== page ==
- Michael Crichton does the fake company, fake video thing to promote his new genetic engineering-focused novel.
Adpunch is not impressed with this cell phone etiquette ad from Kyocera in which a guy gets the karma he deserves for his obnoxious ring tone and verbal inanities. We, however, love it and think every loser who thinks it's OK to strike up a phone conversation and share it with the entire room should get what's coming to them. There's a second spot that hilariously deals with the cell phone etiquette at a grave site. While it's hard to believe, there are still idiots out there who have no idea when and when not to use a cell phone. Good on Kyocera for attempting to educate those losers. The two spots were created by Vitro Robertson.
- Wal-mart is getting attacked in a new campaign which decries the chain's wgae, benefit and employee practices. It's so muh fun being a big box retailer, isn't it?
- Dell has decided to blah, blah, blah Second Life in order to blah, blah, blah so that it can strengthen its blah, blah, blah and connect with its blah, blah, blah. Next.
- In the works since last Summer, the new Colonel Sanders has made his debut. This is about as boring as the whole visible from space thing incorrectly claimed to have been a first when Maxim already did it with Eva Longoria. Yawn.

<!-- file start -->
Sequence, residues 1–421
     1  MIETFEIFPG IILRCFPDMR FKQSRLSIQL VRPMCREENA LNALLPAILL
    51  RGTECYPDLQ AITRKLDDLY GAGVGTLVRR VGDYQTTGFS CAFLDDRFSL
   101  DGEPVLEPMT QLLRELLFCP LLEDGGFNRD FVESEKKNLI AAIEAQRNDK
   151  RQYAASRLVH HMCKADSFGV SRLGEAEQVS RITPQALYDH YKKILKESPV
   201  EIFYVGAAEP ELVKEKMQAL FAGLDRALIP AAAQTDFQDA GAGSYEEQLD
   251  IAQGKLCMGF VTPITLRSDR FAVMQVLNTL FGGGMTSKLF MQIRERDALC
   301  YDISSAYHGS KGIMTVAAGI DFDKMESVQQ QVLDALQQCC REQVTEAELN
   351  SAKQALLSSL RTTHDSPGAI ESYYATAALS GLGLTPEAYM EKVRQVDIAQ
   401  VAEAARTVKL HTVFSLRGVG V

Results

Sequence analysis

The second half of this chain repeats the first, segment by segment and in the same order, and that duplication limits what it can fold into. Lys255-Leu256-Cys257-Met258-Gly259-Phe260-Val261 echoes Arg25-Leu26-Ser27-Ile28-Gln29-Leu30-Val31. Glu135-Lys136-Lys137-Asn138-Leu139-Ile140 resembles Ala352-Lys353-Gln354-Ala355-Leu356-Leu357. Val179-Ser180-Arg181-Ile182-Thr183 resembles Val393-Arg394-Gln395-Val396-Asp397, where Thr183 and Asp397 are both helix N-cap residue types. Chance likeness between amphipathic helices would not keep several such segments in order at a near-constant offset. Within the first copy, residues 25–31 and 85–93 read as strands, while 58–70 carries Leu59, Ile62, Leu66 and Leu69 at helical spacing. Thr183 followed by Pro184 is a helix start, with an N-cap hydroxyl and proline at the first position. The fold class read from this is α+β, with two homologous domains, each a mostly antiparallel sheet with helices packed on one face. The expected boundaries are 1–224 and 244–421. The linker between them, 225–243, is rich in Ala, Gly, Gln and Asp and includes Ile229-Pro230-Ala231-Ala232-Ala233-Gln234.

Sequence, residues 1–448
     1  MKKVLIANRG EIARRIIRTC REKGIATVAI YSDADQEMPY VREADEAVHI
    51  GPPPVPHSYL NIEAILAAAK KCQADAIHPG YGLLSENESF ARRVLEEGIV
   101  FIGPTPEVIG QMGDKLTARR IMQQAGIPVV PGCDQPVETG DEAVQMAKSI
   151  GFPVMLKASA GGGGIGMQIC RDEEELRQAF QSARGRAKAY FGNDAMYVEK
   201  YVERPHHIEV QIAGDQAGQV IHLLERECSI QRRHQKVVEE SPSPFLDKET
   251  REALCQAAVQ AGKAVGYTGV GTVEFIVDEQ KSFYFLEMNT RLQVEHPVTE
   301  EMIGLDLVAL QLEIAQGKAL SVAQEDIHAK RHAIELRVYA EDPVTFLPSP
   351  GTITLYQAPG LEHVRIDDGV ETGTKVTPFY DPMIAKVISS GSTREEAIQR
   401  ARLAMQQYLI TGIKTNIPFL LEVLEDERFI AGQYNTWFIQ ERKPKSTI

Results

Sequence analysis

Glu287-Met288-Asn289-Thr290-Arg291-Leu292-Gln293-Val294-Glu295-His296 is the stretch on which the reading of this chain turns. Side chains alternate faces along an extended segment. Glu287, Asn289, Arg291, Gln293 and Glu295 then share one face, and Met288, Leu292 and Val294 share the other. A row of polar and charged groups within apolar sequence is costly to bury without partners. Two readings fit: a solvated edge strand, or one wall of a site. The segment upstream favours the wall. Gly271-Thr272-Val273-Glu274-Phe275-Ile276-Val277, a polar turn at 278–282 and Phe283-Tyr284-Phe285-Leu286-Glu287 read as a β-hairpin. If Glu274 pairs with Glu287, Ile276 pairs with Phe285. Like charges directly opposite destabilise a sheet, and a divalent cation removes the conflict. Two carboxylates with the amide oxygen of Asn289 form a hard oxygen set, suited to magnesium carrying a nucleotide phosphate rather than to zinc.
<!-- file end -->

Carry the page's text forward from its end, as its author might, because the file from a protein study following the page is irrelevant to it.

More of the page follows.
- eBay has opened its online auction-based e-Media Exchange for a peek before its beat release in December. Sales reps are running in fear of losing their jobs because buyers won't just ignore them, they won't need them any more.
AdJab points to Mac Guy Justin Long's site on which the actor says he, contrary to reports, will still be doing Apple commercials, writing, "As for the Mac commercials, I don't know where that report came from that said I wasn't going to do it anymore - I'm literally setting my alarm right now to wake up for a Mac shoot tomorrow -we're doing some holiday spots now which I think will be pretty funny. They're easy to do, I love John (the pc guy) and working with him is so effortless and fun that I definitely wouldn't rule out doing some more." The whole idea he was getting heaved sounded prety stupid anyway.